brought to you by the wee hours of Monday morning.

Probably my favorite essay this week is Adam Kirsch’s piece in The New Republic on today’s bestselling book in France.  That would be Indignez-vous!, a manifesto on political engagement by Stephane Hessel “explicitly designed as the deathbed charge of a World War II hero to today’s youth, urging them to cast off their feckless indifference and reclaim the righteous indignation of the Resistance.”  Hessel is, in fact, a concentration camp survivor and former member of the French Resistance, and after the war he served on the commission that produced the Universal Declaration of Human Rights.  Kirsch critiques Hessel’s call to arms – anger may have a clarifying effect, but it also obfuscates critical debate.  Or, as Kirsch puts it: “the compromises and uncertainties of ordinary politics are abolished… For the attractive thing about anger is also the dangerous thing about it: It turns concensus, the basis of democratic politics, into a vice.”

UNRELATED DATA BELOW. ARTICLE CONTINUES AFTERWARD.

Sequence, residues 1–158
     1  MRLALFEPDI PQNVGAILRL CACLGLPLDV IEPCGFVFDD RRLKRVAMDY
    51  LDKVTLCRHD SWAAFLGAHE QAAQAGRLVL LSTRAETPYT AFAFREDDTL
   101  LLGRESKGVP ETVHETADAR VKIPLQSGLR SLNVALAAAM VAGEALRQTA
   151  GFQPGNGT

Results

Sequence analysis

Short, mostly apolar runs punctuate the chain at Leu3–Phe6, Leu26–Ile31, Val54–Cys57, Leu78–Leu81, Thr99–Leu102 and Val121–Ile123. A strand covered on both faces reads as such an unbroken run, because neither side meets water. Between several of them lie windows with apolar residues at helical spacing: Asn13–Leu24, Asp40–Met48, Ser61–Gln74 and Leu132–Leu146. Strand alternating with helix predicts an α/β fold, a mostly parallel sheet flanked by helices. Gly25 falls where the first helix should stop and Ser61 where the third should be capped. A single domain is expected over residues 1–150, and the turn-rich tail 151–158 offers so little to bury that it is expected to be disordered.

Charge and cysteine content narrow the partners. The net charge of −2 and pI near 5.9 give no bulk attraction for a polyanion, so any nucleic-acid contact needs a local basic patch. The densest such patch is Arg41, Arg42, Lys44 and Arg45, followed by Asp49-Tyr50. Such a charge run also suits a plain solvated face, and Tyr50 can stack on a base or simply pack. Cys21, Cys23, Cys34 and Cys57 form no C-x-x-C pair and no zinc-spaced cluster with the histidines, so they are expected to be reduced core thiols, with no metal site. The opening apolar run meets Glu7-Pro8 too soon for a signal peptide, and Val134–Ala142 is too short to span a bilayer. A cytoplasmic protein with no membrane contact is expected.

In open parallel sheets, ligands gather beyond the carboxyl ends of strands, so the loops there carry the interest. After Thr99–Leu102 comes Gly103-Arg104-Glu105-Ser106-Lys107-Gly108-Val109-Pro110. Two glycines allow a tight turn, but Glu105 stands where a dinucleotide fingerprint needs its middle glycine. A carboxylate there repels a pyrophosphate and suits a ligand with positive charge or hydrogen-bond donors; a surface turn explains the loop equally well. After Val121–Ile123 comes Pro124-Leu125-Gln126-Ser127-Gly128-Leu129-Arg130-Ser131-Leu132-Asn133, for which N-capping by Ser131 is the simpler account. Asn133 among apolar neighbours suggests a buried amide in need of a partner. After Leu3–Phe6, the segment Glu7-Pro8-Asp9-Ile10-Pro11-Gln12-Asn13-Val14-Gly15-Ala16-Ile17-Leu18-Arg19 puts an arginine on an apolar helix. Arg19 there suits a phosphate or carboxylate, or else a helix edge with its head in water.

Also on TNR: a review of a new book called Romantic Moderns: English Writers, Artists and the Imagination from Virginia Woolf to John Piper, by Alexandra Harris.  Those who know me know that I moonlight by day as a curatorial assistant at an art museum – when books get together with art, and Romantics get together with Moderns, I am very excited.  But the fact that this book was written for me aside, it sounds like a fascinating and complex study.

I really enjoyed this piece called “In Search of Lost Paris” on The New York Review of Books – Luc Sante reviews two new histories of Paris.  I love stories that act as  a maps of urban spaces – and maps of urban spaces that act as stories.  The review deals with that dual unfolding of cities and fictions.

Five new Borges books were released in the U.S. in 2010 by Penguin – “spinoffs” of Penguin’s major Borges compendiums. This is a good overview, and Words Without Borders is a good site to check for news on and reviews of international literature.

In brief: theater that asks the audience to interact with the performance by sketching the actors on stage; Van Gogh’s yellows turn brown but scientists are on the case; rare film clips of Anne Sexton.


Join our mailing list to receive news from Full Stop:

You can also help by donating.